Having spent thirty years creating and promoting a multi-million dollar organization driven by programs and measuring participation, and convincing other church leaders to do the same, you can see why Hybels called this research “the wake up call” of his adult life.

Hybels confesses:

"We made a mistake. What we should have done when people crossed the line of faith and become Christians, we should have started telling people and teaching people that they have to take responsibility to become ‘self feeders.’ We should have gotten people, taught people, how to read their bible between service, how to do the spiritual practices much more aggressively on their own."

In other words, spiritual growth doesn’t happen best by becoming dependent on elaborate church programs but through the age old spiritual practices of prayer, bible reading, and relationships. And, ironically, these basic disciplines do not require multi-million dollar facilities and hundreds of staff to manage.

Does this mark the end of Willow’s thirty years of influence over the American church? Not according to Hawkins:

"Our dream is that we fundamentally change the way we do church. That we take out a clean sheet of paper and we rethink all of our old assumptions. Replace it with new insights. Insights that are informed by research and rooted in Scripture. Our dream is really to discover what God is doing and how he’s asking us to transform this planet."


Lee Chee Keat said...

O wow..this is a transformation for a megachurch like Willow. But, it takes so many years to get it right!! In my church denominational circles, unfortunately, we have been following the megachurches trends -buy more lands for expansion, retain and persuade more to stay with our denominational, upgrade facilities to make the youths stay, rally and mobilise more evangelism work to get people into the church, rally and give more motivation talks to get people to be committed to the church, get more members into the church and more quantites growth by end of the year. This had led a lot of my church members being starved for the word until they looked elsewhere but unluckily, looked at the wrong places where prosperity gospels is prevalent. On the contrary, we should take heed the essentials which are that is how to help our members to read bible themselves properly and apply them to their realities, how to help our members to learn to relate lovingly to each other and non Christians biblically, how to live more holy in the midst of moral degrading environment and how to help members to help others to grow spiritually which requires time and patience and competence (Eph 4:11-12). WIllow's lesson is timely and hope it's beginning warning to all megachurches and other churches too!!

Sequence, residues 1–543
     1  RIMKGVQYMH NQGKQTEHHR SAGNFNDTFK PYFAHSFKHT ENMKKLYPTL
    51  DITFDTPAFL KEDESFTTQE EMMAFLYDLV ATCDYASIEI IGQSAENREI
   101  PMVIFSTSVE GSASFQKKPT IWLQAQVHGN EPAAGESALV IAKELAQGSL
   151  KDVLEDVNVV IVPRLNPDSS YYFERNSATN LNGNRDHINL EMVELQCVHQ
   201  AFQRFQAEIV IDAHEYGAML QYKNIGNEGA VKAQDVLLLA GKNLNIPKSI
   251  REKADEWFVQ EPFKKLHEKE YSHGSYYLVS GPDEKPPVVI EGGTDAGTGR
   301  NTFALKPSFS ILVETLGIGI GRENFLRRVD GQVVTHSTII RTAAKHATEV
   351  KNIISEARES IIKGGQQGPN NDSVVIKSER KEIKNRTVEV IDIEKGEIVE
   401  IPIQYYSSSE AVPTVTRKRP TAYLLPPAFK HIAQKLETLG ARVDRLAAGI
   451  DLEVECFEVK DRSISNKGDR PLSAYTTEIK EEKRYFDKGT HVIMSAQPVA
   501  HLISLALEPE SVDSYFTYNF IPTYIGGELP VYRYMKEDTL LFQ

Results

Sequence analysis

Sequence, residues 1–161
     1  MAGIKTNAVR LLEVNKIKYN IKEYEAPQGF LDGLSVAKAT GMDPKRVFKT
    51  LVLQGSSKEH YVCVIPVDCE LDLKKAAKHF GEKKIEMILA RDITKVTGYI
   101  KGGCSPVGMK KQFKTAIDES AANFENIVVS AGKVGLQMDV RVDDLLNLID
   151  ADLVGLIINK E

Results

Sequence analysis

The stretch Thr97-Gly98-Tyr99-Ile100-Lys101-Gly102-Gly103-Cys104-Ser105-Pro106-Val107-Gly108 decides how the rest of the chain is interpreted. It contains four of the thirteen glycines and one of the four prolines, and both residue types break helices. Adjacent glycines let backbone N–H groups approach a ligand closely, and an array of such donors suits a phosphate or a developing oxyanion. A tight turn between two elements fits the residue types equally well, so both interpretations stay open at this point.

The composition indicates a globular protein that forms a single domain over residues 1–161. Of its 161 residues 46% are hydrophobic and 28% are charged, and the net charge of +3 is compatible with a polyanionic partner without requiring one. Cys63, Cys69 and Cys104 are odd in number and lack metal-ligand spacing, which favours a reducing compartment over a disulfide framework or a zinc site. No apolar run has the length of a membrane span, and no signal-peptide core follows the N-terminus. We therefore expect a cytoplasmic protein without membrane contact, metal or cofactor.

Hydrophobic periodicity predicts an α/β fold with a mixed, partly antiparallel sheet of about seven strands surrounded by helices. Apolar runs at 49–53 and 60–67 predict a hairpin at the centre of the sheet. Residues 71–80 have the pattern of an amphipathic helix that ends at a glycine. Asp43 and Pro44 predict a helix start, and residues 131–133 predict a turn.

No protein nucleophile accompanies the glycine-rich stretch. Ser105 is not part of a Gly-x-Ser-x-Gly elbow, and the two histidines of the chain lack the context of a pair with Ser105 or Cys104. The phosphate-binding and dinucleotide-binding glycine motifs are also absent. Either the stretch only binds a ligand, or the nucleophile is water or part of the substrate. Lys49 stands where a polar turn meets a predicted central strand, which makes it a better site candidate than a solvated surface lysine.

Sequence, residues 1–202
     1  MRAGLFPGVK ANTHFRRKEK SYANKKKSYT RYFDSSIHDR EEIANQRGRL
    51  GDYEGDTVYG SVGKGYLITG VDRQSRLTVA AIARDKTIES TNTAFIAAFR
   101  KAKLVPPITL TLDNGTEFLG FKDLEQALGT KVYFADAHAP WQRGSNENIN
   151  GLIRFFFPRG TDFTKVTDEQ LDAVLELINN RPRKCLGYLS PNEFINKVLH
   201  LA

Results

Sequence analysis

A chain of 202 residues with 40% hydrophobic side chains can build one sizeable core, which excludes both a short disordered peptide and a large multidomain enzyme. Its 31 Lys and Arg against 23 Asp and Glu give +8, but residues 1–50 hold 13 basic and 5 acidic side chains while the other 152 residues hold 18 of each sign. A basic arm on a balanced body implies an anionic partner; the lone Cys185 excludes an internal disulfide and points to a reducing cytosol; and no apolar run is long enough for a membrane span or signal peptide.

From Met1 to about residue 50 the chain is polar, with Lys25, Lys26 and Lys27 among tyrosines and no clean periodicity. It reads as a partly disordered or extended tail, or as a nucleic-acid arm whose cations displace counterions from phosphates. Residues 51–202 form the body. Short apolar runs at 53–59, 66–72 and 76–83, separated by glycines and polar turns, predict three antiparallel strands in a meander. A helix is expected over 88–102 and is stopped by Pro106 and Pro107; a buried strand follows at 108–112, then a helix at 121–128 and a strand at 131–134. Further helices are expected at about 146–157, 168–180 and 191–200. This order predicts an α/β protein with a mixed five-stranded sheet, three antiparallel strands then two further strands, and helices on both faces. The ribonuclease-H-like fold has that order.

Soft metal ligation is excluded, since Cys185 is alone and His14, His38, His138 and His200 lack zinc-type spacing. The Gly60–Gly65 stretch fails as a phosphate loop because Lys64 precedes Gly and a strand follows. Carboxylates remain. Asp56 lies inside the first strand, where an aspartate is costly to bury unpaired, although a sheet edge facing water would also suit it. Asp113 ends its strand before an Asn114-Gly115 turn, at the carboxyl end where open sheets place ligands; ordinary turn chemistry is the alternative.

blogpastor said...

Earth-shaking admission, but courageous too. Willow Creek is a highly influential church with many churches in association with it. Let us pray that the changes it makes within itself will also leaven the whole lump.

Kar Yong said...

Hi Chee Keat,

It's true - since Willow is so influencial, let's hope many other churches will learn from this lesson.

Kar Yong said...

Dear Blogpastor,

Amen to what you said. And may I add that it also requires much humility to make this admission!

wey shyang said...

yes, most of our local churches make confuse between "purpose driven church" and "program driven church". sad that we only realise we had made mistake after so many years...